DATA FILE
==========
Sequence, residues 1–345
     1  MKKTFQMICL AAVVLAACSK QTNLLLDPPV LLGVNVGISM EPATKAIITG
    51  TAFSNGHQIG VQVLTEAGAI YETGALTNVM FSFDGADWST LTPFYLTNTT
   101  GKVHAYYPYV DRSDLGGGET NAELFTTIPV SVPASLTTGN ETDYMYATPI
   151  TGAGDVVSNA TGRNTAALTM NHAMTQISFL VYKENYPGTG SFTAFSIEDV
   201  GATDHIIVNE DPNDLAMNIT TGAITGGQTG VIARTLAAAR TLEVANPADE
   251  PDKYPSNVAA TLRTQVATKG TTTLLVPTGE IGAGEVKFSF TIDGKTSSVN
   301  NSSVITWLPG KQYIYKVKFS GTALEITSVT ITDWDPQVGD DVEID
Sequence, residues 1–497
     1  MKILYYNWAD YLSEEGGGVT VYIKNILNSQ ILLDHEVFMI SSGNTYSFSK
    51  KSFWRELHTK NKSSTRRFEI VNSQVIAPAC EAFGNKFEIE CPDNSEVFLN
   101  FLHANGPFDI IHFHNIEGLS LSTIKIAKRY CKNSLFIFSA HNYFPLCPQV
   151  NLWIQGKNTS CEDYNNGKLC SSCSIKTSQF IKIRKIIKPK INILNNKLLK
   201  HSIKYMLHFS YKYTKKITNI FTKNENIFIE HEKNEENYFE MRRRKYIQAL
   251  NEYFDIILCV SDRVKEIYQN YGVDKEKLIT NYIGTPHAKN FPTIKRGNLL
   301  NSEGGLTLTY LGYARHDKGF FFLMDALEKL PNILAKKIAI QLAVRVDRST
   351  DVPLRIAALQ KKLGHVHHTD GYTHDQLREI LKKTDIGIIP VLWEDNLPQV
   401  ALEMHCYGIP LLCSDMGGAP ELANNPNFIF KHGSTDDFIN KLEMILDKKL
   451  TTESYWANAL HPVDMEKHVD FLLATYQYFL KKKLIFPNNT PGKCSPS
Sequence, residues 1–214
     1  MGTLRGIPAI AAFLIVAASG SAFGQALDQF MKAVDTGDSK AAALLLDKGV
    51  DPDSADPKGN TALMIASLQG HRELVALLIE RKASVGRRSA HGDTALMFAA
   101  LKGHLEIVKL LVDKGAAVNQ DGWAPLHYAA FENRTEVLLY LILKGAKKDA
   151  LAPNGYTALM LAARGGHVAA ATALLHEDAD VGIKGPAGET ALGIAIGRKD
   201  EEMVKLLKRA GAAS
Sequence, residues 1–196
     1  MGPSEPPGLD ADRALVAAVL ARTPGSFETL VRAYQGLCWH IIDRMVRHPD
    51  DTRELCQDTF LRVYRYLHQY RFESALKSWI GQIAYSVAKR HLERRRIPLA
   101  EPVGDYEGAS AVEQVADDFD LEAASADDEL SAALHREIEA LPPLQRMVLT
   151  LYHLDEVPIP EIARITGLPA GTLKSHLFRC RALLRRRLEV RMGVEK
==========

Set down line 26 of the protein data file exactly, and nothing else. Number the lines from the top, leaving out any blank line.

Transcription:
Sequence, residues 1–196